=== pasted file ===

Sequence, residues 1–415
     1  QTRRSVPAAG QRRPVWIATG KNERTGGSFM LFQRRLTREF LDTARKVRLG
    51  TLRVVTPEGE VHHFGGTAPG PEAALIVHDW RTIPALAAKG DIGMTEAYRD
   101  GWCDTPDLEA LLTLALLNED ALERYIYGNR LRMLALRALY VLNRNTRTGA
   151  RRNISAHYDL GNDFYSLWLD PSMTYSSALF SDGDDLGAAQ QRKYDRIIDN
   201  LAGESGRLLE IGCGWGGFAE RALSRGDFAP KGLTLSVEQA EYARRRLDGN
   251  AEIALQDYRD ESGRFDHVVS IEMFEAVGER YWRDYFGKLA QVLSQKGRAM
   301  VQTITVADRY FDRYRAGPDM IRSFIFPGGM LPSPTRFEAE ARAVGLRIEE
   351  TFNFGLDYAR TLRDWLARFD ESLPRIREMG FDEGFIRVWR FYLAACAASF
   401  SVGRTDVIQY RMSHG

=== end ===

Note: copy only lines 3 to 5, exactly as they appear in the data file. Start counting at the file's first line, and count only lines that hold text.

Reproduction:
    51  TLRVVTPEGE VHHFGGTAPG PEAALIVHDW RTIPALAAKG DIGMTEAYRD
   101  GWCDTPDLEA LLTLALLNED ALERYIYGNR LRMLALRALY VLNRNTRTGA
   151  RRNISAHYDL GNDFYSLWLD PSMTYSSALF SDGDDLGAAQ QRKYDRIIDN